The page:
At one point in our lives or other, we have all experienced that crush.  The crush that, for me, I have had since I was thirteen.  Others have had it since they were ten, others since they were sixteen.  This crush is our comfort zone, for we always have it.  This person that will live on the unachievable pedestal so high that it would take a Herculean, nay Olympic effort merely to reach the top.  The wooing preceding long-desired vows to join our crush on the pedestal would follow on an epic scale themselves.  This is the person that can take six, seven, eight, nine, ten, or twenty years to get over, but preferably just one or two healthy relationships.  This person is as dangerous as they are unaware of their status.

Then, every once in a while, we get ourselves a new crush.  Perhaps  it is because we are tired of the long line of what-ifs that trail us everywhere.  Whatever the reason is, we choose someone wholly unlike the comforting forever crush, because, well, we’re tired of them.  We want someone sweeter, we want someone more dashing, someone kinder, someone farther away so the line of what-ifs cannot be created by mere virtue of distance, or just because we’re being contrary to ourselves.  This crush may last for nothing more than a few days, it may last for some time.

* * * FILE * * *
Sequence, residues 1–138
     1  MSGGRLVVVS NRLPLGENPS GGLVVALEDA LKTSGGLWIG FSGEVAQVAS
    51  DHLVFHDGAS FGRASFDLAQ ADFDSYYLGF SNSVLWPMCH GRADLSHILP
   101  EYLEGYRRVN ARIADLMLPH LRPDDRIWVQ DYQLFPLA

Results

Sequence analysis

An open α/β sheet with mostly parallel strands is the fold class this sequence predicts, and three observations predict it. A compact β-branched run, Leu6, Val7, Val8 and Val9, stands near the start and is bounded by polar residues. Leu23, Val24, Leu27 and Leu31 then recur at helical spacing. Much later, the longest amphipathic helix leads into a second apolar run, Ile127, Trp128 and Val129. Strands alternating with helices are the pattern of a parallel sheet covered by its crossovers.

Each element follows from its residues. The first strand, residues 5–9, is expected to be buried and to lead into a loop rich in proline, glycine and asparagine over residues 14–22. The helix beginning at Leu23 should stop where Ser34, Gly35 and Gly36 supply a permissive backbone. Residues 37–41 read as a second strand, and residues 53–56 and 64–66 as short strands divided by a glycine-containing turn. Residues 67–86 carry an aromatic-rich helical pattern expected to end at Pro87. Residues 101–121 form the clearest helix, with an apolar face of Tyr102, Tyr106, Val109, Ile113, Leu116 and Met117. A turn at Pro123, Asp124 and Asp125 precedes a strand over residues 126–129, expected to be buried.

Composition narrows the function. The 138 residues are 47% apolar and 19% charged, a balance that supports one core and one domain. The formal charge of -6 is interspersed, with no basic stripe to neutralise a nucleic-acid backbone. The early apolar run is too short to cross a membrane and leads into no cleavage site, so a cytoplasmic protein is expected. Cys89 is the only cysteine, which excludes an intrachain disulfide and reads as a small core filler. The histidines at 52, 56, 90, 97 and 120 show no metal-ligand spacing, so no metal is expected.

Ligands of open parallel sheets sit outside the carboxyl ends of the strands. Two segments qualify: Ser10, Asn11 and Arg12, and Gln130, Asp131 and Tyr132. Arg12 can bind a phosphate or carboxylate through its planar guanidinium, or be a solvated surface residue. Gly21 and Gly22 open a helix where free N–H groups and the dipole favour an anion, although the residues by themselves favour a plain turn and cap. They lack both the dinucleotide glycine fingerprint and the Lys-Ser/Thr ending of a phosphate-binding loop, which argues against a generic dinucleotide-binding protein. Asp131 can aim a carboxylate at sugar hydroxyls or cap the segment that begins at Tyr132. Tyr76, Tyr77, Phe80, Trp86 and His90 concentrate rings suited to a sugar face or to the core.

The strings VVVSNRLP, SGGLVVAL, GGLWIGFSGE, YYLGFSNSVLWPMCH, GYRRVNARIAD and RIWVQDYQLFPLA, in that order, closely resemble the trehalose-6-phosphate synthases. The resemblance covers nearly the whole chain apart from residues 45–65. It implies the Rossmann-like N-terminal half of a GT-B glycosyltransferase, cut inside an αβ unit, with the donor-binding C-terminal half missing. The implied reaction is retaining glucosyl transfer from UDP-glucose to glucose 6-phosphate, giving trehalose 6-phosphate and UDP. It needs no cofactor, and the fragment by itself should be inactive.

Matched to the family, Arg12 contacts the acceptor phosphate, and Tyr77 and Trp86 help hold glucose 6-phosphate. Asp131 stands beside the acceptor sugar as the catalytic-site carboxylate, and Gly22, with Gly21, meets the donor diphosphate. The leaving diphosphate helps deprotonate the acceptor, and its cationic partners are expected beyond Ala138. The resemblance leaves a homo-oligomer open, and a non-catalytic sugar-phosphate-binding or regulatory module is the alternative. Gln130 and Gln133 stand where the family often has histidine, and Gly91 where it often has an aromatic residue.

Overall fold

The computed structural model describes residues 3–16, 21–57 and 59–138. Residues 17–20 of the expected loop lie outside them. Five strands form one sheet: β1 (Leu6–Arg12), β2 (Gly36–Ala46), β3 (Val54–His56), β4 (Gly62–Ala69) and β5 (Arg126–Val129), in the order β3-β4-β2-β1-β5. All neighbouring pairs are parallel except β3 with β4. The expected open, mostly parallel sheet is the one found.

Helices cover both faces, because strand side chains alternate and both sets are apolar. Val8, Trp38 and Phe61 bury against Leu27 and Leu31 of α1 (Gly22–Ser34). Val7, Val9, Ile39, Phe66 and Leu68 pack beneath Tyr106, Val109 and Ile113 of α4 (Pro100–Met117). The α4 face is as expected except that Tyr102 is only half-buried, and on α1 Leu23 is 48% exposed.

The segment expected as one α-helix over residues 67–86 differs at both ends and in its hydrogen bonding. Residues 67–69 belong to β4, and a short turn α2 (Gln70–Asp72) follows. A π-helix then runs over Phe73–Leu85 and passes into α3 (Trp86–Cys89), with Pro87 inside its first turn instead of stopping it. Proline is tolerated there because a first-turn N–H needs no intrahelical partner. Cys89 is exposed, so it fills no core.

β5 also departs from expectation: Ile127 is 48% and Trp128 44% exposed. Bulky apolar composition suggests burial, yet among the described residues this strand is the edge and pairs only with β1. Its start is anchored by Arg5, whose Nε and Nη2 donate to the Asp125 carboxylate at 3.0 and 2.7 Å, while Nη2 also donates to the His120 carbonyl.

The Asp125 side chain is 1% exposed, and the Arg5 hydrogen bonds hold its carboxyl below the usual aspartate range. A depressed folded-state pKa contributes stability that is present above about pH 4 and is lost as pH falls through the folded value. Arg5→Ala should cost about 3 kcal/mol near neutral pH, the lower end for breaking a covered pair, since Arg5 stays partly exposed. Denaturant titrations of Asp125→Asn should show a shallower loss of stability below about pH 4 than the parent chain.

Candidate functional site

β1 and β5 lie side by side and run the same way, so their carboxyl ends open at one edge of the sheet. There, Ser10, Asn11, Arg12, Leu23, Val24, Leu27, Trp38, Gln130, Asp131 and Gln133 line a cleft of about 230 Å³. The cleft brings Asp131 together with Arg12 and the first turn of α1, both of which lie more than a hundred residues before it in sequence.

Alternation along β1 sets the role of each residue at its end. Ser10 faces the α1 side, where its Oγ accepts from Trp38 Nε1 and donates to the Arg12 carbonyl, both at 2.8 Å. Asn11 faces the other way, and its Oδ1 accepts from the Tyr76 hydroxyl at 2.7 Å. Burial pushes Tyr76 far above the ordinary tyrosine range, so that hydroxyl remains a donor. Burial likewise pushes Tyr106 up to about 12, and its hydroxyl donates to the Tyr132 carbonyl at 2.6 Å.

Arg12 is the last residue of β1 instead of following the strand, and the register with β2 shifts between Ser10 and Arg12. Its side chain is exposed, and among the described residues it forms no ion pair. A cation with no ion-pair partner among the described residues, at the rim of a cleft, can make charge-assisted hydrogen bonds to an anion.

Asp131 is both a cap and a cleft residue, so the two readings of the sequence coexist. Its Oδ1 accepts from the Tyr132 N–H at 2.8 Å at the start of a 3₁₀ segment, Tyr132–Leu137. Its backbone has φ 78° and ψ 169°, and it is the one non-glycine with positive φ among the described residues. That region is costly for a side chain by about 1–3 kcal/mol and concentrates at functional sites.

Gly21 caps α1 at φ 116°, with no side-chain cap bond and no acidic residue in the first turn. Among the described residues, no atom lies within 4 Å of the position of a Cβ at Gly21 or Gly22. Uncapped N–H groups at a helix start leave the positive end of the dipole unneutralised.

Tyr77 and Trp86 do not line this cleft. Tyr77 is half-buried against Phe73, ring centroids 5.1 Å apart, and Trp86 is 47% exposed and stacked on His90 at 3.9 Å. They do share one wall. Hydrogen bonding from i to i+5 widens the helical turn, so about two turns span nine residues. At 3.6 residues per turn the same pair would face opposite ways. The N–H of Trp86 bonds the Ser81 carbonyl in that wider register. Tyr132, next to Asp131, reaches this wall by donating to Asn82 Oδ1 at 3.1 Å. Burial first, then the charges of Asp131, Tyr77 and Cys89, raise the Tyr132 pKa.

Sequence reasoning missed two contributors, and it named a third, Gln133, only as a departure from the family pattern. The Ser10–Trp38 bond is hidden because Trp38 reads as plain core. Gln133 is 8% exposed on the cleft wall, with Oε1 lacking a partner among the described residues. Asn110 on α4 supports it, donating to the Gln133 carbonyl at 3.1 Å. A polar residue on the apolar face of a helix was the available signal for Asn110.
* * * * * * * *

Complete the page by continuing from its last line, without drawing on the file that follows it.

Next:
But, inevitably, we go back to our comfortingly comfortable crush.  They’re easy, and really, we chose  this person for a reason.  We know them, we like them, and they’re not annoyingly sweet, dashing, kind, distant, contrary, or whatever dumb reasons we give ourselves to move away from our soothing non-relationship.  There was no reason to leave our places at the bottom of the pedestal, and now we’re back because we realized we chose the right pedestal to sit under.

Then again, I think we do this crush merry-go-round because we’re lazy or afraid.  That person on the pedestal represents all the work we’re not willing to do in our romantic lives.  If we were just willing to put in that Herculean or Olympic or epic effort, we’d have much better relationships.  We wouldn’t necessarily achieve the crush, because we wouldn’t need to.  That effort would go to our reality, not an active imagination.  We’d get over these crushes more quickly, and we’d understand the truth of what it takes to put our lives perpetually on top of that pedestal.  Without our dreams up there crowding it.

Sometimes comforting crushes are acceptable, though.  They’re there for a reason.  And coming back to them is all the sweeter because you know you’re supposed to be there.

So even though the new Cherry Crush is good, I’m sticking with my Grape. 😉